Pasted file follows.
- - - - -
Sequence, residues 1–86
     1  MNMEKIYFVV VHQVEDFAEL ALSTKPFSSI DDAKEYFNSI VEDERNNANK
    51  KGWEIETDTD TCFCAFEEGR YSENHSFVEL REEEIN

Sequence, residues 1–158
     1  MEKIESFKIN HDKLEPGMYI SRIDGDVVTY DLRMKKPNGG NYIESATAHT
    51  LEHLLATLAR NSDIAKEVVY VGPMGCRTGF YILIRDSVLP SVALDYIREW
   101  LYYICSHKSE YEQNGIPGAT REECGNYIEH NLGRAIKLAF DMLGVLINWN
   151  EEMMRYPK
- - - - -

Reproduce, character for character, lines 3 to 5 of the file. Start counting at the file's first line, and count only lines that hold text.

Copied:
    51  KGWEIETDTD TCFCAFEEGR YSENHSFVEL REEEIN

Sequence, residues 1–158
     1  MEKIESFKIN HDKLEPGMYI SRIDGDVVTY DLRMKKPNGG NYIESATAHT